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Montana’s Superintendent of Public Instruction Elsie Arntzen appeared on the KGVO Talk Back show on Tuesday to answer questions from listeners.
Arntzen was proud of the fact that Montana students received their education this school year despite the COVID 19 pandemic.
“Montana schools are open, in fact, they never closed,” said Arntzen. “The modality of education just changed from a blended model to a remote model or to the traditional model where that teacher is in front of those great students. But because we are a local control State, it did depend on what the trustees decided. Some of them are removing that mask and some of them are maintaining it for the consistency of the school year.”
A listener asked Arntzen if Montana would be introducing Critical Race Theory in the state’s public schools.
“It automatically talks about economics,” she said. “If you are poor or if you have been downtrodden it's because another race has done that to you. Critical Race Theory takes us down a different path, and it says that if we are unequal, it's because of the color of our skin or because of our economic values and it shames us as Americans, rather than bringing us forward and saying how proud we are of our country.”
In addition, Arntzen was asked about President Biden’s plan to introduce universal preschool for four and five year-old children.
“I'll just be candid,” she said. “It's nice that the President likes and enjoys four year olds. And I appreciate talking about schools, but more importantly let’s talk about the families of those students. I believe in education, but I don't believe that schools are daycare. You can put a lot of dollars toward that with some strings attached. But I was also a legislator for 12 years, and this topic did come up and in the most recent session it also came up and was denied again by the legislature here in Montana.”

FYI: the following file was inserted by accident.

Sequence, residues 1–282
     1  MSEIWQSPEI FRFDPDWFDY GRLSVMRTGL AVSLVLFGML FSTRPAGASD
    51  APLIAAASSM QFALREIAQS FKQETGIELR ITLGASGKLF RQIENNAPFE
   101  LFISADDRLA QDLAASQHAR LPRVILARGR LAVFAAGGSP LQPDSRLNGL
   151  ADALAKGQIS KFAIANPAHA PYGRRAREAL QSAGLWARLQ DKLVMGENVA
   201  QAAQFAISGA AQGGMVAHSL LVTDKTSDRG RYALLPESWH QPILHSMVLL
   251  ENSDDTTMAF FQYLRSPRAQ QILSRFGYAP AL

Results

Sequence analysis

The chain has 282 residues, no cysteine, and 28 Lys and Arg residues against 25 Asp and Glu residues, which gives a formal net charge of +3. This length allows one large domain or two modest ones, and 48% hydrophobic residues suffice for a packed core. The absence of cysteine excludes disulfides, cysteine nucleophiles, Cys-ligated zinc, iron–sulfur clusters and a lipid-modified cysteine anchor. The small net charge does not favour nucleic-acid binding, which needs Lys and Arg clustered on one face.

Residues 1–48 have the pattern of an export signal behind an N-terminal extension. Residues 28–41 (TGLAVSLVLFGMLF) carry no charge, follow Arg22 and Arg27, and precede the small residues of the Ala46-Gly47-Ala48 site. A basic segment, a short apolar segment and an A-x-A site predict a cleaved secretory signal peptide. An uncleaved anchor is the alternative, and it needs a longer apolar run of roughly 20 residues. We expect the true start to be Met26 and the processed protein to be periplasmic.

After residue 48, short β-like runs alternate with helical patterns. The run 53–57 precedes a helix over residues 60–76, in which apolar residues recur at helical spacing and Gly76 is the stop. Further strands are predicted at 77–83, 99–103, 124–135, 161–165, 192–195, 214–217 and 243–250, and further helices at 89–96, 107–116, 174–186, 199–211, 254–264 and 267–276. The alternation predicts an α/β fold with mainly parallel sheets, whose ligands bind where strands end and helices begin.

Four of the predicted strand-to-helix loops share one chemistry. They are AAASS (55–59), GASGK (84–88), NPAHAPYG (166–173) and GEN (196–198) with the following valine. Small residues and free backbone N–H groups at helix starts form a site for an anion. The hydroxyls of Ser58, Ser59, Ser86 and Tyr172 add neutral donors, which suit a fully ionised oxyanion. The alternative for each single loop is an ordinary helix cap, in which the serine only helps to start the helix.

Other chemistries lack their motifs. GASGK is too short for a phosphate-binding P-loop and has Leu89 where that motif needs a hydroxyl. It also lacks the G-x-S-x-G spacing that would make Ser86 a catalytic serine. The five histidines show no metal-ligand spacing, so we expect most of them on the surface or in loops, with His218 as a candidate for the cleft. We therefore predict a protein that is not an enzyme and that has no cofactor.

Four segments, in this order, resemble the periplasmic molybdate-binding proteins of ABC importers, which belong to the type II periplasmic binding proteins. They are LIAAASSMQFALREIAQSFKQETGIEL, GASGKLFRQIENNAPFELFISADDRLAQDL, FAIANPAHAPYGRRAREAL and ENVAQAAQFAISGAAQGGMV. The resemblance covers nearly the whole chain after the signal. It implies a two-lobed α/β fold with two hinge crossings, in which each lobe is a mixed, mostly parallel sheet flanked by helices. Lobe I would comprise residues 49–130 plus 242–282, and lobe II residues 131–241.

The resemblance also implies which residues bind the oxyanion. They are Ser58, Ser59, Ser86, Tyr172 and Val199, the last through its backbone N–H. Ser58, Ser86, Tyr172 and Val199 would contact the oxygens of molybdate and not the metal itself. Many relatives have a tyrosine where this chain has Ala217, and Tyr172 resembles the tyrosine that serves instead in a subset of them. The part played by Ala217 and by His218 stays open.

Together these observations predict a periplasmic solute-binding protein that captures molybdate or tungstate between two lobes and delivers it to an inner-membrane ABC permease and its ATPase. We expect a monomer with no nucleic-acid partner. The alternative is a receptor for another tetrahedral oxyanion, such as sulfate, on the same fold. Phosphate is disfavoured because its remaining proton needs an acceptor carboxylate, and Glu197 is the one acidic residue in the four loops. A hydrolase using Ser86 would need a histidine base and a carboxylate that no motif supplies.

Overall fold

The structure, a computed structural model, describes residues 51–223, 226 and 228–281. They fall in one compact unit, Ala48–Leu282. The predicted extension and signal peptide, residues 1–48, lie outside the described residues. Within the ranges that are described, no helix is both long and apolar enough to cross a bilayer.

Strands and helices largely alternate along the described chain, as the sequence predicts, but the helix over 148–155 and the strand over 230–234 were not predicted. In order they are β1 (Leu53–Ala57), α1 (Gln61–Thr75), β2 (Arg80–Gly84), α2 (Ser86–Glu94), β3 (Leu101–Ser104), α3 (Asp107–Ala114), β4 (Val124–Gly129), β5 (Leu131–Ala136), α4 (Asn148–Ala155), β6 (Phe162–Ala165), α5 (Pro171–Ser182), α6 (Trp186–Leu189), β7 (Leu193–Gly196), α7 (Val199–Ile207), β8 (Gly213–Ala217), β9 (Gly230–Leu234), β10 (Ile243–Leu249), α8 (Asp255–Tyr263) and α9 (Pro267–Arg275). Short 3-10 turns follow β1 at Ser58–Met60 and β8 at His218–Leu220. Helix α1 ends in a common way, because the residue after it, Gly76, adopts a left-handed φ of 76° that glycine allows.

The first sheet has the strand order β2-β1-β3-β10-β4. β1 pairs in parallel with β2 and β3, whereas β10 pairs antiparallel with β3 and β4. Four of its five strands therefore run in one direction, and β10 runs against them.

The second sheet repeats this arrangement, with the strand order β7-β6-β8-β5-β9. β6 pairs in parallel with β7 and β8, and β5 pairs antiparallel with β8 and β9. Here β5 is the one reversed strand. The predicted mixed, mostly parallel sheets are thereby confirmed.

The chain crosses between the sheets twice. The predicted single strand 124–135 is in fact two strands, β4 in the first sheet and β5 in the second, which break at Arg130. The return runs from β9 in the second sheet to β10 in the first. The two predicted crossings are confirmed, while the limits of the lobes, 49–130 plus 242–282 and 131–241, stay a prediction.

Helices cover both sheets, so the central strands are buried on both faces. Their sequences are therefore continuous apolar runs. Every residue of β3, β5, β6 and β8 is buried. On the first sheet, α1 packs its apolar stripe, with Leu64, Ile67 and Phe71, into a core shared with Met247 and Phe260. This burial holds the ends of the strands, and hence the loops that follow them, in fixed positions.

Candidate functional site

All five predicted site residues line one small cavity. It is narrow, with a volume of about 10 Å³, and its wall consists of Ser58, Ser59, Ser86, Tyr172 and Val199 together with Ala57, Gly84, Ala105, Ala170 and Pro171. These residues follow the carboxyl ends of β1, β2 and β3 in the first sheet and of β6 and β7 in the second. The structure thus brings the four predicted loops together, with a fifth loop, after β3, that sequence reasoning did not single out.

Arntzen was also asked if Montana would be introducing the 1619 project in the public schools.
“I think you know about the 1619 project,” she said. “This is something that is supplanting historical facts and the bias that's coming in with this doesn't reflect where, who and how our country was formed or founded.”
Arntzen also invited listeners to submit their candidates for Montana Teacher of the Year to her office this week.
LOOK: Here are the biggest HBCUs in America
More than 100 historically Black colleges and universities are designated by the U.S. Department of Education, meeting the definition of a school "established prior to 1964, whose principal mission was, and is, the education of black Americans."
StudySoup compiled the 20 largest historically Black colleges and universities in the nation, based on 2021 data from the U.S. Department of Education's National Center for Education Statistics. Each HBCU on this list is a four-year institution, and the schools are ranked by the total student enrollment.
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